I am trying to copy part of a large structure and I was hoping I could use pointer arithmetic to copy chunks of it at a time. So if I have the following stucture

struct {
  int field1;
  char field2;
  myClass field3;
  myOtherClass field42;
} myStruct;
struct origionalStruct;
struct *pCopyStruct;

can I use memcpy() to copy part of it using pointer arithmetic?

memcpy(pCopyStruct, &origionalStruct.field1, 
      (char*)&origionalStuct.field1 - (char*)&origionalStuct.field23);

I know that pointer arithmetic is only valid for arrays, but I was hoping I could get around that by casting everything to (char*).

  • "I know that pointer arithmetic is only valid for arrays" Not true, it's valid inside objects. – Luchian Grigore May 12 '15 at 14:50
  • It should be struct myStruct origionalStruct; and struct myStruct* pCopyStruct; – Surajeet Bharati May 12 '15 at 14:52
  • @LuchianGrigore The difference of two pointers outside of the same array is UB and should be avoided whereever possible. – too honest for this site May 12 '15 at 19:29
  • Claudius: you shall not cast pointers to void *. This might hide type-errors if either side is expected to be void *, but is actually not. If someone told you otherwise, point him here and tell him to read the standard. – too honest for this site May 12 '15 at 19:32

My answer only holds for c++.

Using memcpy() to copy member variables of objects breaks encapsulation and is not good practice in general. I.e. only do that if you have very good reason. It can work if you are careful, but you are making your program very brittle: You increase the risk that future changes will introduce bugs.

E.g. also see http://flylib.com/books/en/

  • I agree; just saw the C++ tag. I would recomend to clarify if this is related to C or C++ (or really an answer for both is required), as the required approach would have to be very different for each language. I for myself did expect this to be pure C-related, so the tag might be removed by the TO. – too honest for this site May 12 '15 at 15:27

It would be best to put the fields you want to copy into a nested struct and just assign that to the corresponding field of the new struct. That would avoid writing, increases greatly readability and - least not last - maintains type-safety. All which memcpy does not provide.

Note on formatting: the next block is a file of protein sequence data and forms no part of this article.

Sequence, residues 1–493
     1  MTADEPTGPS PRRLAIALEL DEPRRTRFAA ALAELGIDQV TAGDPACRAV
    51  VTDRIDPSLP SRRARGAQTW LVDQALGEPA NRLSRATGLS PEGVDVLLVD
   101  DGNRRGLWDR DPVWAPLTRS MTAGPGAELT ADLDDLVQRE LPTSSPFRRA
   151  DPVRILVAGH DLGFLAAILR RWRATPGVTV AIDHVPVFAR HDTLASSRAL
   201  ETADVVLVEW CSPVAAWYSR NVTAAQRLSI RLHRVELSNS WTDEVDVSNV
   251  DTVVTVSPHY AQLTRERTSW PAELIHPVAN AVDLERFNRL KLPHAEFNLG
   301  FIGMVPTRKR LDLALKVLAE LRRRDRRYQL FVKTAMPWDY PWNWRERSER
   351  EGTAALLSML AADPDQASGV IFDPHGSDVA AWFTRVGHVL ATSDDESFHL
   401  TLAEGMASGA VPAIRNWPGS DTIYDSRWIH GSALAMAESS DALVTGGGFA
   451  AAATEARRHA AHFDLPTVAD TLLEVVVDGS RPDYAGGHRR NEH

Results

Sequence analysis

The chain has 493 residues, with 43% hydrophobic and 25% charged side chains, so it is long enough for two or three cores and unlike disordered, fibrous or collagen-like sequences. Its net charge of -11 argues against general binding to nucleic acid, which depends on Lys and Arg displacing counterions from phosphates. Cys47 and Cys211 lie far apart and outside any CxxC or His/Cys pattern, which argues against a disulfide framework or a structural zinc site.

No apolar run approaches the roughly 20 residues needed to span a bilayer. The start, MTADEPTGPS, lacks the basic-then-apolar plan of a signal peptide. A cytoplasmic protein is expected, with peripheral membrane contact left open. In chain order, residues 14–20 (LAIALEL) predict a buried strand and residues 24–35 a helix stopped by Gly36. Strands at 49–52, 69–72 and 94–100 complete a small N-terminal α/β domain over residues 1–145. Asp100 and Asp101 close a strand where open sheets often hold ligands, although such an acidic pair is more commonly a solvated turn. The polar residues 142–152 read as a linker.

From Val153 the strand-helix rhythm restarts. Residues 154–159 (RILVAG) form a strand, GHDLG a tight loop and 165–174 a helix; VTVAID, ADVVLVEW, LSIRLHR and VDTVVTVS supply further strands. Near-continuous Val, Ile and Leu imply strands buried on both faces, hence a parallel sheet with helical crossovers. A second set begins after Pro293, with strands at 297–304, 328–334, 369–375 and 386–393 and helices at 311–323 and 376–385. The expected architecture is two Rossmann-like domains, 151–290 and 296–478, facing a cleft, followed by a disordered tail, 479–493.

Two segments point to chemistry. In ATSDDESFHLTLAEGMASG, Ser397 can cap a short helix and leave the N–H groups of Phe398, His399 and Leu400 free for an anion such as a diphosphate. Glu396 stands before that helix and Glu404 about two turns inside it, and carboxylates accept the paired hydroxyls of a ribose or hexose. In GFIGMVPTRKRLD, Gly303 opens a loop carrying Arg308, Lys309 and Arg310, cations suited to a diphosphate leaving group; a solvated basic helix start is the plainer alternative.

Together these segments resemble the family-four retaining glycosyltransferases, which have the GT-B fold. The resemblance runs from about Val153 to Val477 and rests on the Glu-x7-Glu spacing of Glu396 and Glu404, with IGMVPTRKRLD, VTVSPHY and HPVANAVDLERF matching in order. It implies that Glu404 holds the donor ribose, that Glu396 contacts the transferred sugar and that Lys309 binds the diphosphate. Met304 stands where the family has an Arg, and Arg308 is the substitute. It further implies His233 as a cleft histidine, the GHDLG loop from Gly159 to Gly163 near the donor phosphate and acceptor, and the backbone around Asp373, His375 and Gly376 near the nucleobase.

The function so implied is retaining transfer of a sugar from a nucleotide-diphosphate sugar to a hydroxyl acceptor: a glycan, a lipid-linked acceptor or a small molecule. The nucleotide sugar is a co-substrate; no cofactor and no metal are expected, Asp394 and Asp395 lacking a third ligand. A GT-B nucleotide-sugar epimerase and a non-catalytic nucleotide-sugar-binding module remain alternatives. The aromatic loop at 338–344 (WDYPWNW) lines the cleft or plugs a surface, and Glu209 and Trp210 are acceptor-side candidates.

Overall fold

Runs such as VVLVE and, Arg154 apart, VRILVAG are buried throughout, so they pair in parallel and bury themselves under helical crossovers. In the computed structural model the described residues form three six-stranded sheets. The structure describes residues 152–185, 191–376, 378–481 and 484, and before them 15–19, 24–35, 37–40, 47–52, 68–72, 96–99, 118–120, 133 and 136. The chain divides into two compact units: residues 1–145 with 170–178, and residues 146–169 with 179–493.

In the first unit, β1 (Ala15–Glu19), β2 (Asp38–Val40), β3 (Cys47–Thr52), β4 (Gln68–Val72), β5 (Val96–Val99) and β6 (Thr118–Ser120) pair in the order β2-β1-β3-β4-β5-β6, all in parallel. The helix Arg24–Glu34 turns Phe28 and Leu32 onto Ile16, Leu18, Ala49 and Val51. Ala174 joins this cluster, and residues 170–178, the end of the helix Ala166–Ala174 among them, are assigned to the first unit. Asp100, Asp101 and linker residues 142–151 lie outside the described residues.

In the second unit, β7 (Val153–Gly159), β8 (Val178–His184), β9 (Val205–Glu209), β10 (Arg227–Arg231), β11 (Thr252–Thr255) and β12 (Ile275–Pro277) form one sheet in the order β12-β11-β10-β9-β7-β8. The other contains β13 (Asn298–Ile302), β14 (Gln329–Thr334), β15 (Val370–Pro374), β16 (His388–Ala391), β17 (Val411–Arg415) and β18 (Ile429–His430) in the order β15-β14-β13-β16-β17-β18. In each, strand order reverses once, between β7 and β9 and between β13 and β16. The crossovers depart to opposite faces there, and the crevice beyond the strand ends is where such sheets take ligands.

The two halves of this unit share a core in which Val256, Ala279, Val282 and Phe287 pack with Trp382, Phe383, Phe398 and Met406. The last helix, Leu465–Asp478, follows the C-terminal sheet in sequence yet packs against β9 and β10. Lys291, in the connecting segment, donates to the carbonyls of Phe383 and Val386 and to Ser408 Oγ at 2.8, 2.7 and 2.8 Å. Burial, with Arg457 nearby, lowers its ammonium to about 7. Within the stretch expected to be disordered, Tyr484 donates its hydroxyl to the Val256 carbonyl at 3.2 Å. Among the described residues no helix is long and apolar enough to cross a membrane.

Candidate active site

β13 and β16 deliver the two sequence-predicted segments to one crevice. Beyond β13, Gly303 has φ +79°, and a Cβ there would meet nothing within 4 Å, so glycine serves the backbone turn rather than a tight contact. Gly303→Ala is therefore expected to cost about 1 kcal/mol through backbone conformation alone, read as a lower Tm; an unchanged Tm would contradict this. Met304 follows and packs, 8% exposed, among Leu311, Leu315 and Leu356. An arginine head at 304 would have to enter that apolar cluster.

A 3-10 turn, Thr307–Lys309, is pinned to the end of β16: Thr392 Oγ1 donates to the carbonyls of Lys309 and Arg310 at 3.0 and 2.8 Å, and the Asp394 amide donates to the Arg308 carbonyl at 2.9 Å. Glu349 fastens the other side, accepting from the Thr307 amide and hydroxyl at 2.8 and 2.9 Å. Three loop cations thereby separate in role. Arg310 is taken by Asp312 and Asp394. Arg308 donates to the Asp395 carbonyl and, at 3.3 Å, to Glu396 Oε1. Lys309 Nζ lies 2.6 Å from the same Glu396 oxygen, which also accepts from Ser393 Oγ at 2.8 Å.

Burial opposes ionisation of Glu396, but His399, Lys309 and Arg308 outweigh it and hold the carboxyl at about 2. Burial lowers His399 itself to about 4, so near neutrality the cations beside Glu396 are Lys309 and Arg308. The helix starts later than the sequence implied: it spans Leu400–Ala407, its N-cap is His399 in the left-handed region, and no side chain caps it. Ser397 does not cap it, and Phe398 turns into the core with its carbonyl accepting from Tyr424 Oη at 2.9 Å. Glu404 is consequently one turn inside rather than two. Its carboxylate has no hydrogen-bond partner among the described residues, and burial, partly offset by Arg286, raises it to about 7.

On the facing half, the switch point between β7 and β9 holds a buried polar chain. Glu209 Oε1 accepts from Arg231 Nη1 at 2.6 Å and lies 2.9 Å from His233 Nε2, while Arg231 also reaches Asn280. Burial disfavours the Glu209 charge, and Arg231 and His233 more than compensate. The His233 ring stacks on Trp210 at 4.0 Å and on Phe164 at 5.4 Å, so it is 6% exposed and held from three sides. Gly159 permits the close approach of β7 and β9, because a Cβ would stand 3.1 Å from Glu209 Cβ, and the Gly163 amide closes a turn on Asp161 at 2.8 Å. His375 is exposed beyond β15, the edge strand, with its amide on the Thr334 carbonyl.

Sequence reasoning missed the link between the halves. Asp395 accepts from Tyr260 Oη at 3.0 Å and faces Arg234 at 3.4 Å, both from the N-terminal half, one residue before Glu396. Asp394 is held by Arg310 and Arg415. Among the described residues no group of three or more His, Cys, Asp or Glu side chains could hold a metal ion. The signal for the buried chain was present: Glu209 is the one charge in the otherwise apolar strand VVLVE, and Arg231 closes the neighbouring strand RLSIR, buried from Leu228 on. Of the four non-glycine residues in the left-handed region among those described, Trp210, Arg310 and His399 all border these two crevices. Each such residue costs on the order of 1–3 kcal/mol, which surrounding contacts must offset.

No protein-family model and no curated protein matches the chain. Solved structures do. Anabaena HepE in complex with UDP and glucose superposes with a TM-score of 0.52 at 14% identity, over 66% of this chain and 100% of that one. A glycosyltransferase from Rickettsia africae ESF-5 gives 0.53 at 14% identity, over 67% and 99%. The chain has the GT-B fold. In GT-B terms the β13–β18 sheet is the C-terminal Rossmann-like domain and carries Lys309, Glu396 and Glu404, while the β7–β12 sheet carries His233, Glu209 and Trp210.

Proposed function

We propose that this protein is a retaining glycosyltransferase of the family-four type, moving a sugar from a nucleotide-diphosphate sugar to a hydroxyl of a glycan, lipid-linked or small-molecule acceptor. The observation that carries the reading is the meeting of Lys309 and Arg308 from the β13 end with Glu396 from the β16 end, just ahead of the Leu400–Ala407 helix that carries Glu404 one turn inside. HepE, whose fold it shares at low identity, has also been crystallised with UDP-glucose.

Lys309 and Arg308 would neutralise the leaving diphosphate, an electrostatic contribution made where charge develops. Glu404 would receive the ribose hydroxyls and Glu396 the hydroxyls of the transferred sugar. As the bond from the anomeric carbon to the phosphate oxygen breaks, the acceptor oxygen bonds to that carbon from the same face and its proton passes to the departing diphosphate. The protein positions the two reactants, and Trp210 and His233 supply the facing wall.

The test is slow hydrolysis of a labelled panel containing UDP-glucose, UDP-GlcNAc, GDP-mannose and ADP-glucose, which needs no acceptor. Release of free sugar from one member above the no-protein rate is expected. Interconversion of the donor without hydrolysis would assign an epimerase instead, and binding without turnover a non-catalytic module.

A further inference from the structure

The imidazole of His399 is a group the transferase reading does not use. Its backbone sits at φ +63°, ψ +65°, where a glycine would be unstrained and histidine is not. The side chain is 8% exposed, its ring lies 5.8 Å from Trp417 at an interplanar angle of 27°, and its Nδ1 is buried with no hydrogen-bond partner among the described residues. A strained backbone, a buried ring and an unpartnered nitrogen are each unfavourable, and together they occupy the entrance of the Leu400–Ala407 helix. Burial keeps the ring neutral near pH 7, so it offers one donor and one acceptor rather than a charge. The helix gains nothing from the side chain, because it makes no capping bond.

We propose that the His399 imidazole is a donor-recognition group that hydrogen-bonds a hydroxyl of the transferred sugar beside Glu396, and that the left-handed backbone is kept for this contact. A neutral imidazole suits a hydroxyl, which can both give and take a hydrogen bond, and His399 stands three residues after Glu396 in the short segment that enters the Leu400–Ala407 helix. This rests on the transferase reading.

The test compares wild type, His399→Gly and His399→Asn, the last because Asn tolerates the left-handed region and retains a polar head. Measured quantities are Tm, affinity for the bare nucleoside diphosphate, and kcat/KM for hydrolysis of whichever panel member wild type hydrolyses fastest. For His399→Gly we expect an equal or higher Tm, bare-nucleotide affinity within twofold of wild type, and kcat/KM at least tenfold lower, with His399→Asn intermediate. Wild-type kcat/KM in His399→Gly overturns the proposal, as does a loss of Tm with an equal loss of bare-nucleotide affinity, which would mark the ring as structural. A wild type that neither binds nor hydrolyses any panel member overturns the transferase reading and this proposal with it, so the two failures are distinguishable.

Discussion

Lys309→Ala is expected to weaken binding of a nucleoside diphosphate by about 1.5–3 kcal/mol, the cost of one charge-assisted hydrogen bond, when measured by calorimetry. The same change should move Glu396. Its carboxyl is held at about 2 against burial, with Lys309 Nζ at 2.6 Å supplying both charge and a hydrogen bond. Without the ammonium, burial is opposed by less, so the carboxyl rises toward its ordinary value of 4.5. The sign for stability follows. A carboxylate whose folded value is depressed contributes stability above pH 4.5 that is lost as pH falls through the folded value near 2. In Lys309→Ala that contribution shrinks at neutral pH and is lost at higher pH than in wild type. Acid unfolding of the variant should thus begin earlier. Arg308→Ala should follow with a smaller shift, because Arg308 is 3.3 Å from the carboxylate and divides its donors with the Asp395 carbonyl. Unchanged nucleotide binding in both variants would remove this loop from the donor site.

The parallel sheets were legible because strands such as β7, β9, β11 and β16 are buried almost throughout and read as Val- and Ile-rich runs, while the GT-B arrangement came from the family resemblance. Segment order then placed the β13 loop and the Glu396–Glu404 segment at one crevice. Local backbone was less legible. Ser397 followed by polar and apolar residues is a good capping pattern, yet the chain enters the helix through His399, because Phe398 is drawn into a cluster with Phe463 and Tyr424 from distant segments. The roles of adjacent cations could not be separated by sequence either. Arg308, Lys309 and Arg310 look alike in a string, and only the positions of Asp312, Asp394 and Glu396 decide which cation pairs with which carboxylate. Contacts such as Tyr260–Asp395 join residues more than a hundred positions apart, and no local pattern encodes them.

offsetof() or using the addresses of enclosing fields would obviously not work if the copied fields are at the end or beginning of the struct.

struct {
    int field1;
    struct { char fields } cpy_fields;
} a, b;

a.cpy_fields = b.cpy_fields;

When using gcc, you can enable plan9-extensions and use an anonymous struct, but need a typedef for the inner:

typedef struct { char field1; } Inner;

struct {
    int field1;
} a, b;

This does not change existing code which can do: a.field2. You can still access the struct as a whole by its typename (provided you only have one instance in the outer struct): a.Inner = b.Inner.

While the first part (anonymous struct) is standard since C99, the latter is part of the plan9-extensions (which are very interesting for its other feature, too). Actually the other feature might provide an even better sulution for your problem. You might have a look at the doc-page and let it settle for a sec or two to get the implications. Still wonder why this feature did not make it into the standard (no extra code, more type-safety as much less casts required).


Yes, you can do:

memcpy(pCopyStruct, &origionalStruct.field1, 
  (char*)&origionalStuct.field23 - (char*)&origionalStuct.field1);

However, you probably want to use the offsetof() macro found in stddef.h.

memcpy(pCopyStruct, &originalStruct.field1, 
  offsetof(struct myStruct, field23)-offsetof(struct myStruct, field1));

Where if field1 is at offset 0 (first in the struct) you can omit the subtraction.

For completeness, the offsetof macro can be defined as:

#define offsetof(st, m) ((size_t)(&((st *)0)->m))
  • offsetof (aka _Offsetof() ) is standard, so you should not define it. Also, the cast would suppress type-error detection. You might use gcc-extensions to maintain that, but why would one, as gcc provides C99 compatibility (except for few constructs). – too honest for this site May 12 '15 at 15:13

Your Answer

By clicking “Post Your Answer”, you agree to our terms of service, privacy policy and cookie policy

Not the answer you're looking for? Browse other questions tagged or ask your own question.